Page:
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California salmon will have places to chill with dam removal

Published: Thursday, March 08, 2018 @ 6:27 PM
Updated: Thursday, March 08, 2018 @ 6:26 PM

In this March 2, 2018 photo provided by the U.S. Fish and Wildlife Service, Battle Creek flows under the Wildcat Bridge near Manton, Calif. Approximately 29,000 endangered winter-run juvenile Chinook salmon were released into the North Fork of Battle Creek, a tributary of the Sacramento River. A $100 million project removing some dams and helping fish route around others is allowing wildlife officials to restore one of the state's most endangered native salmon to vital spring-fed Battle Creek, which springs from the cold northernmost reaches of the Sierra Nevada. Authorities say Battle Creek could prove a species-saving chill hideout against climate change and drought.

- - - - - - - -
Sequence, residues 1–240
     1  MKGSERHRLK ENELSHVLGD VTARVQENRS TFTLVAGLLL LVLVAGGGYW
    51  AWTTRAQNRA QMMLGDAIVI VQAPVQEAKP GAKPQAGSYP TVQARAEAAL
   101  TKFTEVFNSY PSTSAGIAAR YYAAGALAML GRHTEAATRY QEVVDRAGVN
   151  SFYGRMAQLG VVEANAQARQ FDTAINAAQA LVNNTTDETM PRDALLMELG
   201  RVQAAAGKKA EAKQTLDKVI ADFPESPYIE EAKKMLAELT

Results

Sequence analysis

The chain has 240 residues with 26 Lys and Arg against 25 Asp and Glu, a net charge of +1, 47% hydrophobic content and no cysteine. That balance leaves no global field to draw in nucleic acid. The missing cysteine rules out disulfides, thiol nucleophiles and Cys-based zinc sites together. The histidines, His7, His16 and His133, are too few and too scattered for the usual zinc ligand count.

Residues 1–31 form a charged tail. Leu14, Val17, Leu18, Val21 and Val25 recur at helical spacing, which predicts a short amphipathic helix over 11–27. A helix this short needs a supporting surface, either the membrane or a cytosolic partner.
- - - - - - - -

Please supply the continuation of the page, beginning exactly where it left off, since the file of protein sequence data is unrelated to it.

Steve Martarano/ U.S. Fish and Wildlife Service via AP
In this March 2, 2018 photo provided by the U.S. Fish and Wildlife Service, Battle Creek flows under the Wildcat Bridge near Manton, Calif. Approximately 29,000 endangered winter-run juvenile Chinook salmon were released into the North Fork of Battle Creek, a tributary of the Sacramento River. A $100 million project removing some dams and helping fish route around others is allowing wildlife officials to restore one of the state's most endangered native salmon to vital spring-fed Battle Creek, which springs from the cold northernmost reaches of the Sierra Nevada. Authorities say Battle Creek could prove a species-saving chill hideout against climate change and drought.

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